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Our motto: "Critical thinking in the cheap seats." Unbiased, honest classical music and opera opinions, occasional obituaries and classical news reporting, since 2007. All written content © 2016 by Paul J. Pelkonen. For more about Superconductor, visit this link. For advertising rates, click this link. Follow us on Facebook.

Friday, January 9, 2015

Concert Review: From Russia, With Flash

Daniil Trifonov returns to the New York Philharmonic.
by Paul J. Pelkonen
West Side story: The pianist Daniil Trifonov at play in New York.
Photo by Dario Acosta for Deutsche Grammophon/Universal Classics
The pianist Daniil Trifonov is just 23, and stands at the leading edge of a young crop of pianists who are making that most staid of instruments exciting again. On Friday, Jan. 2, Mr. Trifonov joined the New York Philharmonic for the orchestra's first concert of 2015, the second of four performances featuring Sergei Rachmaninoff's fearsome Piano Concerto No. 1.

As the symphonic concert format generally features three works in a program the Rachmaninoff was bookended by two other Russian works. The Capriccio espagnol by Nikolai Rinsky-Korskakov led off the evening, under the baton of conductor Juanjo Mena. Mr. Mena balanced the forces of this complicated work, which crosses Russian romanticism with Spanish musical flavors in five quick movements. Essentially a short concerto for orchestra, this work provided opportunity  for most of the principal players if the Philharmonic to display their talents at a high level.

From the clicking castanets of the percussion section to the complex discourses for woodwinds, brass and solo string players, the Capriccio demonstrates Rimsky's versatility and skill as an orchestrator. It requires the collective virtuosity of the whole orchestra, as almost every principal instrument gets an important solo passage.  As Mr. Mena shifted gears from movement to movement, the Philharmonic players responded with enthusiasm and crisp phrasing. Notable contributions coming from principal bassoon Judith LeClair and current acting concertmaster Sheryl Staples.

Rachmaninoff's first Piano Concerto maked the end of his student days, but was met with a profoundly negative reception at its first performance. Undaunted, the composer revised and restructured the work 25 years later. However, it remains a curiosity, eclipsed by the far more popular Second and Third Concertos. Like all of this composer's concert works, it asks for fearsome technique and an enormous range of motion from the soloist.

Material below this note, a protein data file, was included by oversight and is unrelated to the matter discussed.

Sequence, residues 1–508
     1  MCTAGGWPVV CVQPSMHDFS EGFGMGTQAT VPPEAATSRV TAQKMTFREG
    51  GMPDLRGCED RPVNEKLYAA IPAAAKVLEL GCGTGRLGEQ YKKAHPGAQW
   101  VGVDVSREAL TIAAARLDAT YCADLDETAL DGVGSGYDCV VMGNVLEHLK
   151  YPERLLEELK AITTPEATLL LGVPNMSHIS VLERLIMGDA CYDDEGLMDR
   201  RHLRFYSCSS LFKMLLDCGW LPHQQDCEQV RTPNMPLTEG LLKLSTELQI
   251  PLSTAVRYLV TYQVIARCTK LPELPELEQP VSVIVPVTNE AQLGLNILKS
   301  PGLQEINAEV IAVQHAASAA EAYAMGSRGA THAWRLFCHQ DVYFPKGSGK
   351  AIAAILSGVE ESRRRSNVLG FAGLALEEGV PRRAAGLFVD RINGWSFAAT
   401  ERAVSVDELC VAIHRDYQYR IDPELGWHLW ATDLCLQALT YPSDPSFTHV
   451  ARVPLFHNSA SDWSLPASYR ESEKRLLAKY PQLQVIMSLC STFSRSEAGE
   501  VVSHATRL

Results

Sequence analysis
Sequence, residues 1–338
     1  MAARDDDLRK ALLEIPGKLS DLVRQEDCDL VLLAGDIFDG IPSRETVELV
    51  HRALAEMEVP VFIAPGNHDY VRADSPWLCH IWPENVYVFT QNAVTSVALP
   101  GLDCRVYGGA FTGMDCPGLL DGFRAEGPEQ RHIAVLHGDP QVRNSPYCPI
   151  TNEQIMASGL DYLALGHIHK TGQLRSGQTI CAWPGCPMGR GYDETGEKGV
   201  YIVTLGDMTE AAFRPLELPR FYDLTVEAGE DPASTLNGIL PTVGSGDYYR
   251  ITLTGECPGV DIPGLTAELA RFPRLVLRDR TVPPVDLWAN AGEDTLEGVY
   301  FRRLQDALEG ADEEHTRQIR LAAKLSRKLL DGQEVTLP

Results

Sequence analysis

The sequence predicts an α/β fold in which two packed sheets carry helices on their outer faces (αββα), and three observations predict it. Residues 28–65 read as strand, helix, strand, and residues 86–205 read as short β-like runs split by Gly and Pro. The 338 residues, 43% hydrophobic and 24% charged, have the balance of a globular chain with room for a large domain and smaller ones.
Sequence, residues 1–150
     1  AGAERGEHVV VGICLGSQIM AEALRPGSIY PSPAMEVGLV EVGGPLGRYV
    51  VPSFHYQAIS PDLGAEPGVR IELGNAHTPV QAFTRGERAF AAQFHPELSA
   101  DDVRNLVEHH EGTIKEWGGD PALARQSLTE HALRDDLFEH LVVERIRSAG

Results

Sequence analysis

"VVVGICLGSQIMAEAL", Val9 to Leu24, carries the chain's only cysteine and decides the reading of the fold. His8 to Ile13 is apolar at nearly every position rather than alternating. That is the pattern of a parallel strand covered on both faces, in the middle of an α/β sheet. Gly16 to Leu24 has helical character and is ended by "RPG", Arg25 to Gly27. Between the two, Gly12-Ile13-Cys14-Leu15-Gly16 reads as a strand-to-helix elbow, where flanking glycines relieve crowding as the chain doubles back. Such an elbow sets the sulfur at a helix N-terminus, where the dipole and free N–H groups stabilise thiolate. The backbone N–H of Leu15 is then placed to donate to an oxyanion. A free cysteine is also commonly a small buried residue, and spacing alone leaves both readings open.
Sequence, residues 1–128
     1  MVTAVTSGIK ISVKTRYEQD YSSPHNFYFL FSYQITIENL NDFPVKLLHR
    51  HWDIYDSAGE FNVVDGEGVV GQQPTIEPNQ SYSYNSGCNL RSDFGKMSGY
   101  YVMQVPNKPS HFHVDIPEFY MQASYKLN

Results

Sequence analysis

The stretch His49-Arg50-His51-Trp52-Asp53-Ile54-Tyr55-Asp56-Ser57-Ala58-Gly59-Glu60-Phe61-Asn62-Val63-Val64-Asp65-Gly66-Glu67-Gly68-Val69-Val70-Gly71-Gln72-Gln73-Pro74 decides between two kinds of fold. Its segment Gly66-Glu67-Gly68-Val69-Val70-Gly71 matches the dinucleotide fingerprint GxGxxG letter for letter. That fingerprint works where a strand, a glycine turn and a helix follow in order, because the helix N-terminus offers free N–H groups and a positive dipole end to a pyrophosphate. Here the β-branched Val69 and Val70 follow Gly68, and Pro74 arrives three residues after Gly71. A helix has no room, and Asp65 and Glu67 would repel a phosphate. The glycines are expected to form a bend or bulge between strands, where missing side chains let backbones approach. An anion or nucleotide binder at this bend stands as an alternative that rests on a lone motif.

In this performance, Mr. Trifonov used a combination of speed and power to meet the challenges posed by Rachmaninoff's wide keyboard stretch. His long, delicate fingers blurred through the  first movement,  blending smoothly with the orchestra in key passages and rising above the texture in the elaborate cadenzas. Hunched over the keyboard, Mr. Trifonov focused on the microcosmic dance of this fingers before throwing back his shoulders to drive chords with considerable force.

The expansive second movement allowed pianist and conductor to  elaborate on the romantic themes of the first movement and showing Rachmaninoff's more poetic side. The thrilling finale was led off by Mr. Trifonov, a performance of power and precision that featured dizzying fingerwork and precise, rhythmically driven notes. For an encore, the young Russian offered Debussy's prelude "Reflets dans l’Eau", performed with a steady rhythmic drive and a relaxed, almost jazzy ease.

There's nothing relaxed about Tchaikovsky's final orchestral work: the Symphony No. 6. Known as the Pathetique, this symphony is set to a cryptic program which was never specified by its creator. Its mystery is enhanced by the fact that Tchaikovsky himself died a week after its premiere, taking the work's final secrets with him.

The Philharmonic played the four movements with brisk energy and crisp power, with Mr. Mena drawing taut ensemble playing in the expansive opening movement and the odd and ungainly dance movement that followed. The powerful, determined march movement featured truly impressive playing from the Philharmonic brass, setting the stage for the final crie de couer. If this performance had a flaw it was in this troubled finale, which lacked the last degree of pathos that is needed for this tragic finale.
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Critical Thinking in the Cheap Seats

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Since 2007, Superconductor has grown from an occasional concert or CD review to a near-daily publication covering classical music, opera and the arts in and around NYC, with excursions to Boston, Philadelphia, and upstate NY. I am a freelance writer living and working in Brooklyn NY. And no, I'm not a conductor.